Beekeeping For Dummies
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It’s important to understand how honey bees mate, so that you can do your best to provide optimal conditions and know how circumstances such as weather can impact your queen-rearing operation. The queen bee has some interesting mating habits:

  • Queen bees mate in the air. The drones fly out of their colonies and gather at a place called a drone congregation area. The virgin queens seem to know where these areas are, and make a “bee-line” there in order to mate. In this area a number of drones mate with the virgin and then drop dead afterward.

  • A virgin queen will take one or more mating flights over the course of a few days or a week. Then she’s done mating for her lifetime. The sperm (from the drone) is stored in a special, tiny ball in the queen’s abdomen called the spermatheca. It is supplied with nutrients to keep the sperm alive for as long as the queen remains productive.

  • Because queens mate with a number of drones, a honey bee colony is a collection of “sub-families.” All the bees in the colony have the same mother (the queen); but some workers will be full sisters (having the same mother and father) and some will be half-sisters (having the same mother but different fathers). This genetic diversity is critical to having thriving, healthy colonies with a variety of traits that help the bees survive.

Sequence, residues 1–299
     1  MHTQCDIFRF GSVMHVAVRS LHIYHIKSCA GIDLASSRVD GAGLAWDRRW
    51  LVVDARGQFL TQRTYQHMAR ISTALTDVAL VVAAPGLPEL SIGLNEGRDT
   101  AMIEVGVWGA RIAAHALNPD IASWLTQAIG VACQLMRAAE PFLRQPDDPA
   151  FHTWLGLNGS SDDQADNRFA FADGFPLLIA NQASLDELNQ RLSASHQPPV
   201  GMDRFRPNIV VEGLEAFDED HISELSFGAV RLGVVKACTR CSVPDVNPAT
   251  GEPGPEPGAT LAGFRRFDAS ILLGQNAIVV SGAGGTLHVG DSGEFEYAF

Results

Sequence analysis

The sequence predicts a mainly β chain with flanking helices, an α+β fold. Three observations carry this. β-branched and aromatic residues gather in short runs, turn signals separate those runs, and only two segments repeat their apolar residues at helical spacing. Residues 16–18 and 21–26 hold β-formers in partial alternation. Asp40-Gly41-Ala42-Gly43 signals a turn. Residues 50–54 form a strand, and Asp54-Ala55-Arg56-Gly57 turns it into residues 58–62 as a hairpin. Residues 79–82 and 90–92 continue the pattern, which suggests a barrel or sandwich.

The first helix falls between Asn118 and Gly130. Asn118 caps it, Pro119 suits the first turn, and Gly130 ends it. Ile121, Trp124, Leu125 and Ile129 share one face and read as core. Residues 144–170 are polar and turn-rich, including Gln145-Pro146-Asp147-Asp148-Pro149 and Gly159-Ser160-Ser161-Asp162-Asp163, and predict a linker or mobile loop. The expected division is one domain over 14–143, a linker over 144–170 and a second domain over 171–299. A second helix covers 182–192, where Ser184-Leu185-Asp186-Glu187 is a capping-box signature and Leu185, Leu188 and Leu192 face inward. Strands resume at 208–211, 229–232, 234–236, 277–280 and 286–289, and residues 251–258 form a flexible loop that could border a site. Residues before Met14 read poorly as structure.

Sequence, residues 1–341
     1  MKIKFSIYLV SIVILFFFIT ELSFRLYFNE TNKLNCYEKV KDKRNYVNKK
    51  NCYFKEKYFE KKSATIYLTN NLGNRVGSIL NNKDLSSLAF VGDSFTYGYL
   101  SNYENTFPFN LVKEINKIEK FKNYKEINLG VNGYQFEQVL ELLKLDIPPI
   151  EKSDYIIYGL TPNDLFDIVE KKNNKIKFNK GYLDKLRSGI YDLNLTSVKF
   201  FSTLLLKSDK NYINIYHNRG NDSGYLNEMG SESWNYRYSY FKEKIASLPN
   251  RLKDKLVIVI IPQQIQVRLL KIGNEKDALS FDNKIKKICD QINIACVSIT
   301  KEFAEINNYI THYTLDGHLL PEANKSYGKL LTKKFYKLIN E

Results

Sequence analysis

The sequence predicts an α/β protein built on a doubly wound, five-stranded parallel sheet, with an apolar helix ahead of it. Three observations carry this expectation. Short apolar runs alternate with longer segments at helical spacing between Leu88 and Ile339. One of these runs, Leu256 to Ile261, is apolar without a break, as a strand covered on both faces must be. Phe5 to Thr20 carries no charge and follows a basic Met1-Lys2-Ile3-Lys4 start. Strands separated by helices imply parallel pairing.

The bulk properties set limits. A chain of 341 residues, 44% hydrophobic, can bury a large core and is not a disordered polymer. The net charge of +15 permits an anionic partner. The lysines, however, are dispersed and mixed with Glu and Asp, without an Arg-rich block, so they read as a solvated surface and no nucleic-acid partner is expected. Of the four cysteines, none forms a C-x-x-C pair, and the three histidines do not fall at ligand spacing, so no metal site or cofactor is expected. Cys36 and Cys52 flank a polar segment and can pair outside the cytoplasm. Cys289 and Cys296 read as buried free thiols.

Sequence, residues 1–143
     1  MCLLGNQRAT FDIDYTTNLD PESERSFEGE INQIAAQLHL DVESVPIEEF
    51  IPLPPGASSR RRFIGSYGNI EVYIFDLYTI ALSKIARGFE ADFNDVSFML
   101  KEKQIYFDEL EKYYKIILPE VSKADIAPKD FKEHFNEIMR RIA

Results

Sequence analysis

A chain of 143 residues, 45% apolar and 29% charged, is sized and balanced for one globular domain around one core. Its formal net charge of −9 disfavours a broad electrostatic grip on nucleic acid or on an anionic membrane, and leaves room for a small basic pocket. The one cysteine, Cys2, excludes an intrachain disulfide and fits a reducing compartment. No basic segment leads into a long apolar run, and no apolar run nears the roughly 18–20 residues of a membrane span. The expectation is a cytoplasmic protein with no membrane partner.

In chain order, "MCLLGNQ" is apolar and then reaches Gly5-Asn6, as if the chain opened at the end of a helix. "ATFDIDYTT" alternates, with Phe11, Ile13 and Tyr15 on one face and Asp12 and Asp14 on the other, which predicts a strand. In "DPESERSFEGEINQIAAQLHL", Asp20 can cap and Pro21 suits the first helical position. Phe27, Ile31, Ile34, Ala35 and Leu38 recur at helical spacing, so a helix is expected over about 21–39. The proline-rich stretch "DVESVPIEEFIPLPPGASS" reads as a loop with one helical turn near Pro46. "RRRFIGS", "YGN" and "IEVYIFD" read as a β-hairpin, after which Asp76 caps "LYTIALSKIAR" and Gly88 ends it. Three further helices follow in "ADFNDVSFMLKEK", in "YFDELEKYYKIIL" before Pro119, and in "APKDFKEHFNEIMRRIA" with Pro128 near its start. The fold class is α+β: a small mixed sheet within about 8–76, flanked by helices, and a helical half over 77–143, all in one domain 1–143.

• If for some reason a virgin is prevented from mating, there will come a time when she will stop trying to mate and will begin laying eggs. However, none of these eggs will be fertilized so they will all result in drones.

    A virgin queen takes a few days to mature — her wings expand and dry, her glands mature, and so on. Then a few days more to fly and mate, and a few days more to settle down to laying eggs. Allow two or three weeks from emergence to the time when she will begin laying eggs.

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